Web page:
A masterpiece in the making

Chesapeake Arts Center provides witty take on `Picasso at the Lapin Agile'

Review

June 22, 2007|By Mary Johnson | Mary Johnson,Special to The Sun

Picasso at the Lapin Agile, which opened at Chesapeake Arts Center's Studio Theatre Friday, offers exciting entertainment to amuse and often bemuse.

Of the many plays I've seen at the Brooklyn Park facility, this one stands out for its ability to transport audiences into a distinctive environment: a striking European cafe-bar.

Here at the Cafe Lapin Agile, in comedian Steve Martin's debut as a playwright, is where 23-year-old artist Pablo Picasso and a 25-year-old patent office clerk named Albert Einstein meet by chance in Paris' Montmartre section in 1904.

Picasso is emerging from his "blue period," and Einstein is finishing his paper The Special Theory of Relativity.

In his 1993 play, Martin often inserts current reality into dialogue given these two 20th-century geniuses. These time shifts work brilliantly in part because of the central characters' grasp of abstract concepts.

Witticisms fly at a breakneck pace between profound reflections on art and science. Martin even refers to the play itself, at one point having bartender Freddy tell Einstein that he's arrived out of sequence because he's listed third in the program.

In CAC's production we meet Picasso's art dealer Sagot, played by Chris Homberg, and his 19-year-old admirer Suzanne (Lindsey Nixon), whom he seduced and seems to have momentarily forgotten.

We also meet an older man, Gaston, played by Rob Yochem, and young inventor Charles Schmendiman (John Lasher), a countess (Jess Angell) and a visitor from the future who outshines both Picasso and Einstein, having gained greater mid-20th-century fame as an icon.

Director Jayme Killburn says in her program notes that Martin was committed to historical accuracy: The Lapin Agile was a real Montmartre bar frequented by Picasso, and Picasso painted this cafe, portraying bar owner Frede and his friend Germaine, along with Sagot, who had worked as a clown before promoting Picasso's work.

Having just completed an art class with a segment on Picasso, I found Killburn's notes fascinating.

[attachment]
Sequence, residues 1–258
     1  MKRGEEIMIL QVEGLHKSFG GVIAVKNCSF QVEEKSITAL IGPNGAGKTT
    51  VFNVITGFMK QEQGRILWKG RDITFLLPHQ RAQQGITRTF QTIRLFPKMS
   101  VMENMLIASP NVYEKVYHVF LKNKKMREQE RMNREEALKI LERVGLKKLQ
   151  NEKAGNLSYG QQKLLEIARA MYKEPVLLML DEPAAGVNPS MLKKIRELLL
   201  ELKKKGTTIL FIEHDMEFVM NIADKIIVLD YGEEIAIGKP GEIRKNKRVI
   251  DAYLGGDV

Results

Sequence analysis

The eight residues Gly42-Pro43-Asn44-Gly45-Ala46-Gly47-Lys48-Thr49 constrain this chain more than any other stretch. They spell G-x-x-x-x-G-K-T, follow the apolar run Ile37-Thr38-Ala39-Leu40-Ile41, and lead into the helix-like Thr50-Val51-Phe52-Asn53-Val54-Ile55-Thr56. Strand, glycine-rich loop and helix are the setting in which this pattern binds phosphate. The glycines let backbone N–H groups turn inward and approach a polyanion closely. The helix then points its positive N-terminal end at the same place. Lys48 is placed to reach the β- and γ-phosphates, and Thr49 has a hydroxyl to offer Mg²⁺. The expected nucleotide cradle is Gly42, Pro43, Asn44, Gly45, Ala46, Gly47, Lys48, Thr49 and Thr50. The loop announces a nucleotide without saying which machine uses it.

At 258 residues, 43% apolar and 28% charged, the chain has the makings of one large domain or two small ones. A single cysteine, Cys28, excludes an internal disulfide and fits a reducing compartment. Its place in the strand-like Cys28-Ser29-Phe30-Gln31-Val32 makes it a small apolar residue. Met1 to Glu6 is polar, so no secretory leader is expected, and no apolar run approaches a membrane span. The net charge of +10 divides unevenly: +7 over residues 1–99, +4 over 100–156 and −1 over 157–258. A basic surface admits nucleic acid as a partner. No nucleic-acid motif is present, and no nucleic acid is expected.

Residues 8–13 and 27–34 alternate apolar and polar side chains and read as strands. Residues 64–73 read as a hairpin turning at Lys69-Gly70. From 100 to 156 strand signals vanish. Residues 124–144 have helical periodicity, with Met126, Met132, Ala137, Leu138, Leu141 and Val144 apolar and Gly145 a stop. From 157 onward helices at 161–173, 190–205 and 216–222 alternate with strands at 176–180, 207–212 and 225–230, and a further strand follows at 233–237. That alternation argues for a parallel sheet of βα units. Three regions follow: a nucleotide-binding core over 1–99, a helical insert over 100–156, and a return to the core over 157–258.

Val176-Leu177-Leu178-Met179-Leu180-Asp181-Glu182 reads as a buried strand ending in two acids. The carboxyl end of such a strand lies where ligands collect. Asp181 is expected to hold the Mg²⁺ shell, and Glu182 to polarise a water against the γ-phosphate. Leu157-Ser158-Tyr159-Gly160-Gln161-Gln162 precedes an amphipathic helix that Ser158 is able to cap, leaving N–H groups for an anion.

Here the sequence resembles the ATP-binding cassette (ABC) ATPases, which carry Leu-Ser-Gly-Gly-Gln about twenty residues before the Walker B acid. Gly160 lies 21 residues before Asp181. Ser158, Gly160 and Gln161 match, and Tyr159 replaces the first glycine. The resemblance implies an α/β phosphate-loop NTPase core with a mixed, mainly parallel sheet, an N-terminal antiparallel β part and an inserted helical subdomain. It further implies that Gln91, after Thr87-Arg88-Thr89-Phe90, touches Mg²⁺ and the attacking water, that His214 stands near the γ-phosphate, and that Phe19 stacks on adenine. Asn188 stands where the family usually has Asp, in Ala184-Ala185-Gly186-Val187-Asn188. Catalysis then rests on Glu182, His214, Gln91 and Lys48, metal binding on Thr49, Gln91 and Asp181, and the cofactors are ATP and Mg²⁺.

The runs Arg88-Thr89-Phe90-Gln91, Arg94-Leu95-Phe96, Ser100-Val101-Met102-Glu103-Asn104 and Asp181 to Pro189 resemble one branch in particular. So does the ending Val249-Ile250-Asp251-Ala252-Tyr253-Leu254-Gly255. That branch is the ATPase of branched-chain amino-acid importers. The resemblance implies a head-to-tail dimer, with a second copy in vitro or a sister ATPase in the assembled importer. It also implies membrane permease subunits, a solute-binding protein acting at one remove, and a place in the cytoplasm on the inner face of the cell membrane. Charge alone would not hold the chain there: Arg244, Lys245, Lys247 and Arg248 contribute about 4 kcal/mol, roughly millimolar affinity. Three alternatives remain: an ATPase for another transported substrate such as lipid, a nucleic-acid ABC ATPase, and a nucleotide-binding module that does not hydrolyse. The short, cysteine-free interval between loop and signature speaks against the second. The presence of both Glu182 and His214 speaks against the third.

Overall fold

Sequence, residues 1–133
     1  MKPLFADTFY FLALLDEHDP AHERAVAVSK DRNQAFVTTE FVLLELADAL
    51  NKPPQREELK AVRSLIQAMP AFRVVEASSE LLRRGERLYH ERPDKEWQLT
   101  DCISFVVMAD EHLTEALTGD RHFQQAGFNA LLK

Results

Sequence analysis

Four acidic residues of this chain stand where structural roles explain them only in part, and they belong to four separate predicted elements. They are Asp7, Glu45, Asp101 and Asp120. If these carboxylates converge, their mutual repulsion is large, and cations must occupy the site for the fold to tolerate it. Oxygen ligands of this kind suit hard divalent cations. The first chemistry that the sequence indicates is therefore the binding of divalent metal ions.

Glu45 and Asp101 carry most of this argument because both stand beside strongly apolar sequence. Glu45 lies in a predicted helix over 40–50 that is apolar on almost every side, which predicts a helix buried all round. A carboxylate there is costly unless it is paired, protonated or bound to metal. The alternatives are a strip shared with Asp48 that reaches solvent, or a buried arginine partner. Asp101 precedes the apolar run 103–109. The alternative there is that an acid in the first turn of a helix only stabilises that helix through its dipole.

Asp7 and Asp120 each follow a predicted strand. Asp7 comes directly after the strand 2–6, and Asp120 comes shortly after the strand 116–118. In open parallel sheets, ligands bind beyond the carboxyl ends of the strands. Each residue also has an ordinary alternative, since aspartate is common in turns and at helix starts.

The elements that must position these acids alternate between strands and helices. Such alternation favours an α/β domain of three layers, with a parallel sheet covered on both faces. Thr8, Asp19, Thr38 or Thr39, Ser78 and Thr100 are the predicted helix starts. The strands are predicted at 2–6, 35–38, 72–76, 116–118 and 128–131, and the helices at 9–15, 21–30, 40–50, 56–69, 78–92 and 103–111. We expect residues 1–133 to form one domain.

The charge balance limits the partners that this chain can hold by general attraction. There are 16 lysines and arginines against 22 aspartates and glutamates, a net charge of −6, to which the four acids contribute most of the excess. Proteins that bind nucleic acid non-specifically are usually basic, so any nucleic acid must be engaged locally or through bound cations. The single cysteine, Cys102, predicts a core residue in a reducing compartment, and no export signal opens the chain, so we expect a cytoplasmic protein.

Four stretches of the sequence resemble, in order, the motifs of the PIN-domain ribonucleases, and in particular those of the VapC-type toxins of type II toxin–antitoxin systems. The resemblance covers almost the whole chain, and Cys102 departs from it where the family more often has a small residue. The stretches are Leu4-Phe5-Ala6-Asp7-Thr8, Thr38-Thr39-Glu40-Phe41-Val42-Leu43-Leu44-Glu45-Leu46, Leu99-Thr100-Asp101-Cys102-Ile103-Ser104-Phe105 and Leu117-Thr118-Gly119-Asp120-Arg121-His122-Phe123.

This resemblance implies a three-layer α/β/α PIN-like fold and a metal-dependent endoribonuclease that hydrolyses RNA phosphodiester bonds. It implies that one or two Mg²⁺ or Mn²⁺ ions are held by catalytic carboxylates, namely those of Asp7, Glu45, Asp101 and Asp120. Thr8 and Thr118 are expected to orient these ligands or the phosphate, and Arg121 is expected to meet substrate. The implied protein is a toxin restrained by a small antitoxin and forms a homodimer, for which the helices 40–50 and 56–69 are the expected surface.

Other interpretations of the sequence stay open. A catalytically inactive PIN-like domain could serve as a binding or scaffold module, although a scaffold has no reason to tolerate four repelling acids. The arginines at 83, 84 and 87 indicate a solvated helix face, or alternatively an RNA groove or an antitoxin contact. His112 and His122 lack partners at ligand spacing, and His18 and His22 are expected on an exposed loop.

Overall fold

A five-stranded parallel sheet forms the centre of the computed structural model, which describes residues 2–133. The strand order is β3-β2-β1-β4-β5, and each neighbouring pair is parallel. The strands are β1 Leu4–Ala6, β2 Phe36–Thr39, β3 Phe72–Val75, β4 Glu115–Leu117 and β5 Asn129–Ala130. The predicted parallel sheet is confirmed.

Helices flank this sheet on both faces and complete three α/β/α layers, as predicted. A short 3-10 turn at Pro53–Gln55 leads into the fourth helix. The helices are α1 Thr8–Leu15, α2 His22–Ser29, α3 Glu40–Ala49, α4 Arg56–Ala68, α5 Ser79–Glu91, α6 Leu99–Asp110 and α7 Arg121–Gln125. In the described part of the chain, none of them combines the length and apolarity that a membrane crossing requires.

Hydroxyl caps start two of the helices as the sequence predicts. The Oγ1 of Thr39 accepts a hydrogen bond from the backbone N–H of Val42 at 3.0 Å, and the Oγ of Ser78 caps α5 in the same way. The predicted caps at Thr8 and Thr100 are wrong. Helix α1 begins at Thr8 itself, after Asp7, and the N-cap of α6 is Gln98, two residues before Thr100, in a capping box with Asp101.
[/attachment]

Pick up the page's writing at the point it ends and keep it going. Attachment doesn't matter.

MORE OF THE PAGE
In addition to the her fine work, the efforts of Gary Adamsen, who recently joined CAC's staff and serves here as stage manager, must be recognized. Adamsen brings impressive credits and talents to CAC, recently working long hours to help create the set's fabulous floors, and he has made the most innovative use of the entire theater space that I can recall seeing at the Studio Theatre since its opening in January 2001.

The creativity and meticulous attention to detail of Andrew Mannion as set designer is another essential element in the overall excellence of the production.

Among standout performances are Russ Addis, who brings a raw energy, passion and sensuality to his performance as Picasso, Robert Scott Hitcho, who gives substance and subtle humor to his characterization of Einstein, and C. J. Crowe, who brings wit, seductiveness, pragmatism and innate believability to her portrayal of Germaine.

Minor criticisms include players' mispronouncing Lapin, at least twice calling the caf?, "La-pawn," which presumably will be corrected by this weekend.

Still, this play sets a new standard for CAC's Studio Theatre that I hope reflects an exciting new trend.

Performances continue Fridays and Saturdays at 8 p.m. and Sundays at 3 p.m. through July 1. Tickets are $12 for members and $15 for non-members and may be purchased by calling 410-636-6597 or at www.chesapeakearts.org.

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